The Taliban isn't the same as atheist

According to an article on the, Lady Greenfield, the former head of the Royal Institution, has criticized physicist Stephen Hawking about his stance in his new book, The Grand Design, in which he said that the universe can be explained without a need for a god.

Greenfield criticized the smugness that she perceives in non-believing scientists like Hawking by saying:

Of course they can make whatever comments they like but when they assume, rather in a Taliban-like way, that they have all the answers then I do feel uncomfortable. I think that doesn’t necessarily do science a service.

I really don't think "Taliban" means what she thinks it means. The Taliban are an extreme religious group that repress women, enforce an brutal version of Sharia law, execute those that they disagree with, and deny many of the fundamentals of science. Atheists on the other hand, don't do any of that. If you deny religion, by definition, you can't be part of the Taliban. You would think that someone of her statue would know that.

If you don't want to hear my religious views, don't knock on my door with yours

When I was in college, I lived in a cluster of townhouses not far from a Jehovah's Witnesses' church. They used to stop by at least every other week in order to peddle their religious beliefs. Early one Saturday they knocked on my door. As anyone should know, you shouldn't visit a college student that early in the morning, especially on a Saturday. I was pleasant with them, as pleasant as I could be in my hung over state anyway. However, they seemed oddly uncomfortable as they told me the "Good News." After they handed me their weird ass magazine and left, I turned around and saw what was making them uncomfortable. The night before, which I had forgotten, some friends, who were Wiccan, and I had made a big pentagram on the floor, complete with candles and empty Keystone Light cans. Today, I can't remember why we did it. If I had to guess, to my friends it was sort of a cross between a sacred ceremony and an experiment to see if some spell actually worked. To me, I'm sure it was a cross between a joke and an FU to the gods.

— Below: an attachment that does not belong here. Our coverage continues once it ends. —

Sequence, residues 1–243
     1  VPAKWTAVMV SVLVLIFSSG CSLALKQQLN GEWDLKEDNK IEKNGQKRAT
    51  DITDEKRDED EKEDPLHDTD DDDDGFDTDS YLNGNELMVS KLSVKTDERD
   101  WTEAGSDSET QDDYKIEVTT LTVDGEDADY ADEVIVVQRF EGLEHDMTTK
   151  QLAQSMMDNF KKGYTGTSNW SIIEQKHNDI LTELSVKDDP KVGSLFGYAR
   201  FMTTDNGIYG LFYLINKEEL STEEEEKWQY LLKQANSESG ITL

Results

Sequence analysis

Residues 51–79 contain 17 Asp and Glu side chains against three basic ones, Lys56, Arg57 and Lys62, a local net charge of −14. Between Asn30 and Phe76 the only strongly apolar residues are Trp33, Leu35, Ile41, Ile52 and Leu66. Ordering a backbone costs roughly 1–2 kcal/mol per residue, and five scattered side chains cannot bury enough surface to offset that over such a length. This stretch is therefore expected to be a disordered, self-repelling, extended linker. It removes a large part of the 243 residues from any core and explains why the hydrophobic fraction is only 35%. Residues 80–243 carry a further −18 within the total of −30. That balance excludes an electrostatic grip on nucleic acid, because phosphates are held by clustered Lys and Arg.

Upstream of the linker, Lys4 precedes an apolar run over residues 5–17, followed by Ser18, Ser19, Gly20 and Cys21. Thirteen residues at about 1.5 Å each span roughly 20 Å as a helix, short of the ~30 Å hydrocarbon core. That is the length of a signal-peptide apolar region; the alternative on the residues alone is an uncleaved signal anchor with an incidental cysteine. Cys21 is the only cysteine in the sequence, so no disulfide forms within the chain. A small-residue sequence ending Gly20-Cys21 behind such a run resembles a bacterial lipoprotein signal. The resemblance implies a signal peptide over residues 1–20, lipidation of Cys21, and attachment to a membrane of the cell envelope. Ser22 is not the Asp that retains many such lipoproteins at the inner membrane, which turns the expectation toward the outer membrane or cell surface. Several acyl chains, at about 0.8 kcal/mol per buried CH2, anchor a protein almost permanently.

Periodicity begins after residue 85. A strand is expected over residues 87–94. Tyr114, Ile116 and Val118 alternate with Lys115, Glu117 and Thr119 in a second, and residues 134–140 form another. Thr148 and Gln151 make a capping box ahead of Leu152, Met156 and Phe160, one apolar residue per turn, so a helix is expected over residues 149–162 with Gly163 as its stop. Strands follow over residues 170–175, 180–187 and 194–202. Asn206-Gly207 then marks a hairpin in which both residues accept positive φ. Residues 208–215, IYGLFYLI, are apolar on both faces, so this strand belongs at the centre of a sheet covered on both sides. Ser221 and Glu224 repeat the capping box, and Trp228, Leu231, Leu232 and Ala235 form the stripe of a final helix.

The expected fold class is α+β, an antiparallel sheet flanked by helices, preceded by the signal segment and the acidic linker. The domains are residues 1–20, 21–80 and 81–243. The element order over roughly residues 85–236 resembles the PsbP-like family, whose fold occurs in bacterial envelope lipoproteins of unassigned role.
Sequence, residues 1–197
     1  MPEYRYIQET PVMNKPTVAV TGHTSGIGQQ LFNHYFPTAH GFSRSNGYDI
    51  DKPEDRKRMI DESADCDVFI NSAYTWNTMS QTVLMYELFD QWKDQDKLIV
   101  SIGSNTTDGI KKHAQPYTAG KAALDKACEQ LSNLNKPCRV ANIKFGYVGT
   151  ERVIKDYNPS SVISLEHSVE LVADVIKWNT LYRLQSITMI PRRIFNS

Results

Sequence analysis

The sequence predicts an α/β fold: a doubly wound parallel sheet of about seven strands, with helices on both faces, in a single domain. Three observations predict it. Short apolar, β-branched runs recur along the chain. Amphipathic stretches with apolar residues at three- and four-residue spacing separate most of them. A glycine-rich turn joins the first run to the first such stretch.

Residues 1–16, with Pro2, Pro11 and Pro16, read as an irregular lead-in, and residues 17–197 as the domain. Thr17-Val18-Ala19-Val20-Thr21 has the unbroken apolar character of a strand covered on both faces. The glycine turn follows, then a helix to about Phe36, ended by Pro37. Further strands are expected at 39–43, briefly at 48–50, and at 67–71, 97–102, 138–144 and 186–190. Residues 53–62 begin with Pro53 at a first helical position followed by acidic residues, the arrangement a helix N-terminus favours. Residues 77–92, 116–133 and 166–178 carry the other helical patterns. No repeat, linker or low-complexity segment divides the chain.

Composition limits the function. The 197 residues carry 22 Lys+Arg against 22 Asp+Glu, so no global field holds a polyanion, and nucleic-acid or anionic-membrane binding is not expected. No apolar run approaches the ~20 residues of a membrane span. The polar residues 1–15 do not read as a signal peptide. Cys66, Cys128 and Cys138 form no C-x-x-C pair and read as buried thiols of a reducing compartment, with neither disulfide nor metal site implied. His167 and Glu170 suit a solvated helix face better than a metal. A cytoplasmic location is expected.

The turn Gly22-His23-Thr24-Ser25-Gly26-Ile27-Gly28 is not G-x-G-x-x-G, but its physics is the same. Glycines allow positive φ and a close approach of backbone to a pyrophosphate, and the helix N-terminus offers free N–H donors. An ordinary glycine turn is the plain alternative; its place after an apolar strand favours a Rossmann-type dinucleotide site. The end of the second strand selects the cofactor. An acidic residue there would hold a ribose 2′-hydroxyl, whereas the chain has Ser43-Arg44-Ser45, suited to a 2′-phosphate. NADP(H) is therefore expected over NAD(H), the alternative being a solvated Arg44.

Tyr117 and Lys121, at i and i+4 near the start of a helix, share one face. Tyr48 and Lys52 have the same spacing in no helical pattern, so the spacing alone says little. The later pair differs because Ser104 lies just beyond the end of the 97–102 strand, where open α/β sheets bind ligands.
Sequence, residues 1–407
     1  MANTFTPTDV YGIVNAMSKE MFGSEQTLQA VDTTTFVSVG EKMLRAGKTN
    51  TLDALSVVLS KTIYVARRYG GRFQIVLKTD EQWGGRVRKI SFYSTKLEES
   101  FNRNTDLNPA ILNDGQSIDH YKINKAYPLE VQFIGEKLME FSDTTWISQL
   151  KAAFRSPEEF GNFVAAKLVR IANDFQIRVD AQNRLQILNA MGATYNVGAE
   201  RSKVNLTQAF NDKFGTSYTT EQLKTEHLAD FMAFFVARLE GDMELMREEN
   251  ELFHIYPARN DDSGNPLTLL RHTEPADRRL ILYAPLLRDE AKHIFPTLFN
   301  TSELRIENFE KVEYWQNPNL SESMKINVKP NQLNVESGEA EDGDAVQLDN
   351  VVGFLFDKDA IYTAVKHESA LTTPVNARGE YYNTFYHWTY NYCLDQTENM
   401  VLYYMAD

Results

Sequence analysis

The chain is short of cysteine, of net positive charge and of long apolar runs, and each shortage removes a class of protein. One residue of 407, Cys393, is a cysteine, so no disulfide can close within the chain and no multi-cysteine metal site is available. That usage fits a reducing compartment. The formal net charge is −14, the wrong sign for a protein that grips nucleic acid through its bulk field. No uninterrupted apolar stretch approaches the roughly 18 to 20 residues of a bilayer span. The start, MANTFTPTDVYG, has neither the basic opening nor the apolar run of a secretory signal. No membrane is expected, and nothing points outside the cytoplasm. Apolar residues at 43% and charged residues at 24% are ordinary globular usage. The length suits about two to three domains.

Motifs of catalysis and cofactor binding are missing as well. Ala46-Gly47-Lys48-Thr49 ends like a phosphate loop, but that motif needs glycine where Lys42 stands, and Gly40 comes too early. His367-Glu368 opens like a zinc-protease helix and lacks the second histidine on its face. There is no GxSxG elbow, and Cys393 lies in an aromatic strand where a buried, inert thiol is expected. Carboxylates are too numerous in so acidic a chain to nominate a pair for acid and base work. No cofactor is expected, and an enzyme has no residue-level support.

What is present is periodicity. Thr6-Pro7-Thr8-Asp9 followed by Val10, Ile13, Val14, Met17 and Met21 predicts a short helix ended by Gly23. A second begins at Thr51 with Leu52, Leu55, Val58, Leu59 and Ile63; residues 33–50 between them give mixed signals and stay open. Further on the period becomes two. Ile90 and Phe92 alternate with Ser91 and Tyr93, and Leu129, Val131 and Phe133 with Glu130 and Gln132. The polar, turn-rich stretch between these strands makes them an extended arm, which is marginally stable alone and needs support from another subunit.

If the spell was to keep the Jehovah's Witnesses from coming back, it worked.

That was really my last experience with that odd little sect. Even though I've moved several times since then, I can only remember Jehovah's Witnesses stopping by my house just once, and that seemed only halfheartedly. Maybe it is because they are on to me. In the new issue of their magazine Awake!, the have a very scary article called, "Is Atheism on the March?" Without the slightest hint of irony they write in the first sentence:

A new group of atheists has arisen in society. Called the new atheists, they are not content to keep their views to themselves.

That's right, ladies and gentlemen! The church that wakes you up early on the weekends so they can preach to you about how you should join their sect are upset that atheists won't keep their views to themselves.

It's enough to make you laugh, if you can get through it. It is really a pretty badly written article. They claim that the new atheists like to "wave the banner of science over their camp," which is true, but then they try to debunk the atheist's claims using science. It really is a train wreck of logical fallacies.